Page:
There are thousands of digital cameras available on the market. They all have different features and options. A camera may be great for one photographer and terrible for another, depending on that photographer's preferences and level of skill. One photographer may prefer simple, user-friendly cameras, whereas another may prefer what manual controls offer. Fortunately, in the world of digital cameras, there's something for everyone.
Point and Shoot Cameras
Point and shoot cameras are an excellent description of what they are. You point the camera at an object and shoot, thus capturing an image. Most digital cameras today are point and shoot, although many digital cameras offer additional controls that amateur photographers will not know about. Point and shoot cameras are often compact, thus appealing to an amateur photography audience.
With DSLR, or Digital Single Lens Reflex, the camera has only one lens. Instead of viewing the subject on a screen, DSLR cameras require the use of the optical view finder. These cameras also offer users more options for control, such as white balance, shutter speed, focus and ISO (sensitivity to light). DSLR cameras are substantially larger than point and shoot cameras, appealing to the more professional user.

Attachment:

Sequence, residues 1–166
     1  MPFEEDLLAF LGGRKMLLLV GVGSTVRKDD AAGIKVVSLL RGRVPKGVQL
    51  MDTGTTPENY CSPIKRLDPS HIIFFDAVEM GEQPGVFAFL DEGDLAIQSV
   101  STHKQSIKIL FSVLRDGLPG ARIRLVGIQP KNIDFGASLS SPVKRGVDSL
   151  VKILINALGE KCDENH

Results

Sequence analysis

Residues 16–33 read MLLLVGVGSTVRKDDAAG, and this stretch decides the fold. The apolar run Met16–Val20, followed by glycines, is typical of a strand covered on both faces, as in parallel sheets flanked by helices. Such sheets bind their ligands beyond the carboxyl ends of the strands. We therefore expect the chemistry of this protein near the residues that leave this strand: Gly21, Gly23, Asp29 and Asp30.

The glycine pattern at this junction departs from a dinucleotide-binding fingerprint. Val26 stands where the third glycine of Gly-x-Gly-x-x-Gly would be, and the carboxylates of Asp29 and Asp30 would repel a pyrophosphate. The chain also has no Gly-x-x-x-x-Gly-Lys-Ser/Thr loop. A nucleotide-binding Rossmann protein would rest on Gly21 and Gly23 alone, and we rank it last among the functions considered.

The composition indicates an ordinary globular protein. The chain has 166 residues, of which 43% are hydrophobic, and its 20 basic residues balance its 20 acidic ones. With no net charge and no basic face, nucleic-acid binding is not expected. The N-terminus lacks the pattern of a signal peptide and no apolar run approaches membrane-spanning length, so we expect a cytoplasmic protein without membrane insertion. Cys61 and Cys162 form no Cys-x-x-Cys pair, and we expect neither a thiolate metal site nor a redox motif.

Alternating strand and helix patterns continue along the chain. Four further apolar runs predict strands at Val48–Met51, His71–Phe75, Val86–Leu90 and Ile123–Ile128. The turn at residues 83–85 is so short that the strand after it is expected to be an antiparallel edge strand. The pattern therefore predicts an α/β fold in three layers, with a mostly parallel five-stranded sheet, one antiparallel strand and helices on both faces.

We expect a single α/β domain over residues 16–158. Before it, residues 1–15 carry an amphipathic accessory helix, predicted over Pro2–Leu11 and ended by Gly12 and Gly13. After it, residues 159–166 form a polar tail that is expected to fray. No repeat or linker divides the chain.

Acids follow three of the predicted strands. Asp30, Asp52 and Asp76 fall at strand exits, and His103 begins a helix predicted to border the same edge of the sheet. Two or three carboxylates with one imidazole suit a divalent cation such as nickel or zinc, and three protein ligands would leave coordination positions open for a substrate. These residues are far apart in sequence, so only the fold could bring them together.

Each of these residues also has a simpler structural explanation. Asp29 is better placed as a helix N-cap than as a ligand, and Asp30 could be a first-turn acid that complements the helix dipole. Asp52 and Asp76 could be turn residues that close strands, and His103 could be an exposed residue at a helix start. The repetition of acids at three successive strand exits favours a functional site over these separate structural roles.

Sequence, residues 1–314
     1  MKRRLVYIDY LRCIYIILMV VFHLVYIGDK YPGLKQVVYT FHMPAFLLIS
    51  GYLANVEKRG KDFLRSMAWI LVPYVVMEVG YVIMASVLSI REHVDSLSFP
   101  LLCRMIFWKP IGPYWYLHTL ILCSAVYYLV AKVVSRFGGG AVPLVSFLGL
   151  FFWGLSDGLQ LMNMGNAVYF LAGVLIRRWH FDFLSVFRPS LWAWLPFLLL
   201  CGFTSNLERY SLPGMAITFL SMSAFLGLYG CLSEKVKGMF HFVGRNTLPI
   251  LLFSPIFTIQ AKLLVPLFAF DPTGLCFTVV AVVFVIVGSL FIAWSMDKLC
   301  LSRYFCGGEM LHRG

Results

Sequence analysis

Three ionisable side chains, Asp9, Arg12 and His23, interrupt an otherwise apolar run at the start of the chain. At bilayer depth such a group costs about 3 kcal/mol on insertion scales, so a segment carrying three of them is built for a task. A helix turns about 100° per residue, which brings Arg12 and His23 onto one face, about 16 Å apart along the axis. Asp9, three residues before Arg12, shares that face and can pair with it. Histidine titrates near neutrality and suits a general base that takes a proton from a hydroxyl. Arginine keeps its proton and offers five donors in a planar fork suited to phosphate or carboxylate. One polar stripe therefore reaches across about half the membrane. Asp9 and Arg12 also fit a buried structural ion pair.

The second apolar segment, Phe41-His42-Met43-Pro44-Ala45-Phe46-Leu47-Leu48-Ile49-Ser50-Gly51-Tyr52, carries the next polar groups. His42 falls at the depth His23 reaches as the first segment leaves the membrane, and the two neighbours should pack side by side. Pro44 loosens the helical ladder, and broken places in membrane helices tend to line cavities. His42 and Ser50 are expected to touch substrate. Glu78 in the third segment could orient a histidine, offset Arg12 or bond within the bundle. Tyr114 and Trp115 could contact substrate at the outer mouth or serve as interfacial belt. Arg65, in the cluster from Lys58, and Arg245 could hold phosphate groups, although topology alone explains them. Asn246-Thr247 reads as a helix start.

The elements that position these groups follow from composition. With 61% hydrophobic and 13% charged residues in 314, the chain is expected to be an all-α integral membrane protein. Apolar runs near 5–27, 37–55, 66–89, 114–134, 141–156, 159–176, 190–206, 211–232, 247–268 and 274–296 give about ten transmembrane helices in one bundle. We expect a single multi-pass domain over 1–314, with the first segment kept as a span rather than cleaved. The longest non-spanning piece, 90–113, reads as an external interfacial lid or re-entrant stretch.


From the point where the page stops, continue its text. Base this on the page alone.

Interchangeable Lens Camera
With an interchangeable lens camera, the lens can be removed and a different one attached. Interchangeable lens cameras offer a lot of adjustment options and various lens types, including the prime lens, which is not very flexible but offers excellent images quality; the wide angle lens for landscape shots and scenery; a macro lens for photographing miniature objects; and the zoom lens.
- Photo Credit digital camera age image by Steve Brase from Fotolia.com
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